No Contest Divorce





No Contest Divorce becomes important for most divorcing couples, so this is why you should learn about it before you get to court! What is an Uncontested Divorce? It's a divorce where both parties attempt to file for divorce without fault or blaming the other, even if there was fault. This works well for many couples, and you will soon understand why.

Typical scenarios with separating couples:

  • You and your ex realize that things aren't working in your marriage or partnership. One takes the step to leave or begins cheating, or begins acting otherwise unhealthy with finances, values, etc...It is rare that one can postpone gratification until being actually divorced. And the other partner will be in denial for a long time, possibly months.

  • You begin arguing, because now there is plenty to argue about! Or, you withdraw, so you don't have to argue. Or, you beg and plead with your spouse to work it out.

  • One of you feels like this is the worst scenario you've ever dealt with, and the other feels like they simply must get away from the marriage.

  • Both parties build resentment, distrust, and anger towards the other. both parties have needs, desires, and goals that each wants to be heard, understood, and accepted. It wasn't accepted in the marriage maybe, but now one party is saying that the relationship is over, and he/she wants the needs met.


Coming to Agreements

How can both parties meet their needs now that the marriage is ending? Why a no contest divorce could likely benefit you and your soon-to-be-ex spouse or partner:

  • If both partners continue to argue, it's bad for everyone, especially children. Mentally, divorce is draining, exhausting, and debilitating at times. Contesting a divorce is far worse mentally on both parties.

  • Financially, both parties stand a much greater chance of holding onto whatever finances each had. You don't believe it? If each person paid $20,000 in attorney's fees to go to court, only one party will essentially "win" the case. One spends $20,000 that could have gone into a college fund for the kids in order to win, and the other loses the $20,000, and must also find a way to make ends meet. Either way, $40,000 of the couple's money is gone to attorneys, when the decisions are generally choices the couple can make completely on their own.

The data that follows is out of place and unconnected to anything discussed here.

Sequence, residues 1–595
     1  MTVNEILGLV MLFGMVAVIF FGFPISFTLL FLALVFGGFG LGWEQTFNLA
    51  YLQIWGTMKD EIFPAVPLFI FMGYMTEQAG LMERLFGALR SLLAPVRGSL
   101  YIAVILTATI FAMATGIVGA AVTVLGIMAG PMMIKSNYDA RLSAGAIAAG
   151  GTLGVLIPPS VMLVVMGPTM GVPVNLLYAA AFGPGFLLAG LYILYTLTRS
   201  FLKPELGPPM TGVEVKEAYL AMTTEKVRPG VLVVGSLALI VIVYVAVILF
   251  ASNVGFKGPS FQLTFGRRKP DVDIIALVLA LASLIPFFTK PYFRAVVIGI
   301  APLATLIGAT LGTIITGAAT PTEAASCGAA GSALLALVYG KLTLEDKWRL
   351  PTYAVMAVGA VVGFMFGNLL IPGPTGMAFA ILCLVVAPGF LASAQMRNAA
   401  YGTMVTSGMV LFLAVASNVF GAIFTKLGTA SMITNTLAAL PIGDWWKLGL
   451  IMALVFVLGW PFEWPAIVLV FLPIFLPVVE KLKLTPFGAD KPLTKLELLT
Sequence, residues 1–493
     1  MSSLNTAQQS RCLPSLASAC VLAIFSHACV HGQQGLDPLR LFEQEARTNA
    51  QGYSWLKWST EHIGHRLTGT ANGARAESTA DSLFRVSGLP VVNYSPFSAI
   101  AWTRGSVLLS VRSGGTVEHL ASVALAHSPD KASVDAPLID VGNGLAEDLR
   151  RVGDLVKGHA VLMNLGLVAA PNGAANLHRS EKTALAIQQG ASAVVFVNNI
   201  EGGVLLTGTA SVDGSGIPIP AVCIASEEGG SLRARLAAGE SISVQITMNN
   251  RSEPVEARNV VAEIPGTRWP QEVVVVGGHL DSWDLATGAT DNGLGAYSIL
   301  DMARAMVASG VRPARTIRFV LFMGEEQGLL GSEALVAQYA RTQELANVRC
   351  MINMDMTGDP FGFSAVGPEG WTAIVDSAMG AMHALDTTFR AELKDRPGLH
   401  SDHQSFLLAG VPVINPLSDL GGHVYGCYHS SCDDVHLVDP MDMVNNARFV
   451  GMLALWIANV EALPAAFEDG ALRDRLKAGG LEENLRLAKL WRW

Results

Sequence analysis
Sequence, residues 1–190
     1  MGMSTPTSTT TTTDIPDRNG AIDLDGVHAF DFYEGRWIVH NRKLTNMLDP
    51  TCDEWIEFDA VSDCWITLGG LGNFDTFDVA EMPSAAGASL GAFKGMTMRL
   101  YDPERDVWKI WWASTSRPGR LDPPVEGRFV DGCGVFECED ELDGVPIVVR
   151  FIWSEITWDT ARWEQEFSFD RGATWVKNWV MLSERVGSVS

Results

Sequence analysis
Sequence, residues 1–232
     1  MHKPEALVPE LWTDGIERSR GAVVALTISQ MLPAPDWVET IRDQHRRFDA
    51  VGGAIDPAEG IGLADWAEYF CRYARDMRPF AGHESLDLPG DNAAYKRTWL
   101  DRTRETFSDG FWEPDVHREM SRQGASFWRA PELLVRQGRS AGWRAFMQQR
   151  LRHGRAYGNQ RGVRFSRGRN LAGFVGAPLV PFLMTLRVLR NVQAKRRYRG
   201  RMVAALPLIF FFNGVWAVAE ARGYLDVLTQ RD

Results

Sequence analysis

• It becomes easy for couples to hold onto the other one emotionally, by trying to manipulate who gets what, or how much time with children. Separating your debt, and getting a parenting plan in order can be very difficult and painstaking decisions.

  • If the partners are willing and able to come to agreements together, it both speeds up the process of divorce, and both parties can feel like they have contributed to the outcome. Hopefully, it will be an outcome both can live with and even thrive.


Cautions About Filing for a No Contest Divorce

  • Whether or not your case is complicated, you should consider using legal assistance along the way, because there are many things that could be considered an "oversight," that you may be entitled to.

  • An example might be an inheritance that you wish to keep for yourself to protect from your ex, large amounts of money, a coerced prenuptual agreement, pensions, large discrepancies in the amount of income of each party.

  • The vast majority of cases, fall into an uncontested category, because both parties, after living separately for a while, drain their bank accounts and have little leftover money to spend on attorneys. The no contest divorce, then, becomes the way to settle differences before the courts decide for the couple. Many couples can still have a say in their own divorce by using a no contest divorce.

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